Gov. Larry Hogan said Tuesday the state will review grants to Baltimore’s top prosecutor as part of a renewed effort to immediately address violent crime.
The City of Baltimore reached 300 homicides this week. It’s the seventh consecutive year for the grim milestone. Hogan, who never mentioned Baltimore State’s Attorney Marilyn Mosby by name, described the review of state grants as more of a way of forcing compliance than about concerns regarding malfeasance.
“The Governor’s Office of Crime Control and Prevention has been compiling data all across the state with respect to sentencing,” said Hogan. “We haven’t gotten data from Baltimore City. This is going to require them to respond to the state before they get additional funding.”
Hogan said he was trying to avoid pointing fingers but actions announced at a news conference two days before Thanksgiving made it clear he continues to question leaders in Baltimore as well as the judiciary and even some lawmakers.
A fiery Mosby blasted Hogan. She called his press conference political grandstanding, charged he was using “Baltimore as a punching bag,” and that Hogan was privileged and that he was “disrespecting me again.”
“He’s especially OK with villainizing the Black woman prosecutor who’s challenging the status quo,” said Mosby.
Mosby said she is prosecuting violent crime and that her team is winning convictions. Mosby said she would have provided data Hogan if he’d asked her.
“I stand by the work of my office,” she said. “I’ll provide the governor anything he desires because I know how much my prosecutors do for this city.”
Much of the data the governor wants is published on the Baltimore City State’s Attorney’s website, Mosby said.
The prosecutor expressed outrage at being the focus of Hogan’s attention yet again. She compared him to former President Donald Trump and said Hogan was focused only on mass incarcerations. Even so, Mosby expressed a willingness to work with the governor.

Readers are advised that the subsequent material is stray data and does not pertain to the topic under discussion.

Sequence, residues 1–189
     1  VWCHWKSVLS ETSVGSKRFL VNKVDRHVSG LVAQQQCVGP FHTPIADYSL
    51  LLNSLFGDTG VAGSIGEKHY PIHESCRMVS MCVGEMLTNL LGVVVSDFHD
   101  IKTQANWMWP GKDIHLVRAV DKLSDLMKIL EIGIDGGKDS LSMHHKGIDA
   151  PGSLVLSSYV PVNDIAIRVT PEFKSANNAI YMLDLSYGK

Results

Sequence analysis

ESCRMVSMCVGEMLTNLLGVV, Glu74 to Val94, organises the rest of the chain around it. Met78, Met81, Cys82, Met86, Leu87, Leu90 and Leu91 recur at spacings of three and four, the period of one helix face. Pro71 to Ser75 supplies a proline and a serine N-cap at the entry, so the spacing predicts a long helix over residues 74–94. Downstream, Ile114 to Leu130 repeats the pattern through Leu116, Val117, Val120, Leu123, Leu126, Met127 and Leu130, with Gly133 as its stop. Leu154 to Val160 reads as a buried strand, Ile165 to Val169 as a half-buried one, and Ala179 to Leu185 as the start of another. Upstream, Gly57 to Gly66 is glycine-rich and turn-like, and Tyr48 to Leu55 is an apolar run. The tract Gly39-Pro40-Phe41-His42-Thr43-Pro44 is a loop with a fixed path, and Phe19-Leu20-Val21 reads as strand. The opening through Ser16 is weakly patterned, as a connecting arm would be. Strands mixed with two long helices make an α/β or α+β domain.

“I’m committed to even working with this governor,” she said.
Hogan’s announcement calls for an immediate review of grants to Mosby’s office. That review will be conducted by the Governor’s Office of Crime Prevention, Youth, and Victim’s Service. The review comes as Hogan expressed growing frustration about the inability of the state agency to collect sentencing data from the state prosecutor.
“We do put a lot of money into there. We just want to make sure the taxpayers are getting their money’s worth. We’re not really freezing it but doing an immediate review and we’re hopping we’ll get the cooperation we need out of the state’s attorney to resolve it. If not, it may get to the point where we have to withhold funding.”
Hogan said he has asked for a meeting with Baltimore Mayor Brandon Scott. That meeting will not include Mosby.
Scott, speaking to reporters Tuesday, said he sees progress on violent crime “every day.”
“I know we have a long way to go,” Scott said. “I’m not happy, but I want to say that also includes the governor.”
Scott said it will take “an unprecedented level of cooperation” between state and city governments to address violent crime. He blamed the media for “driving a wedge” between people.”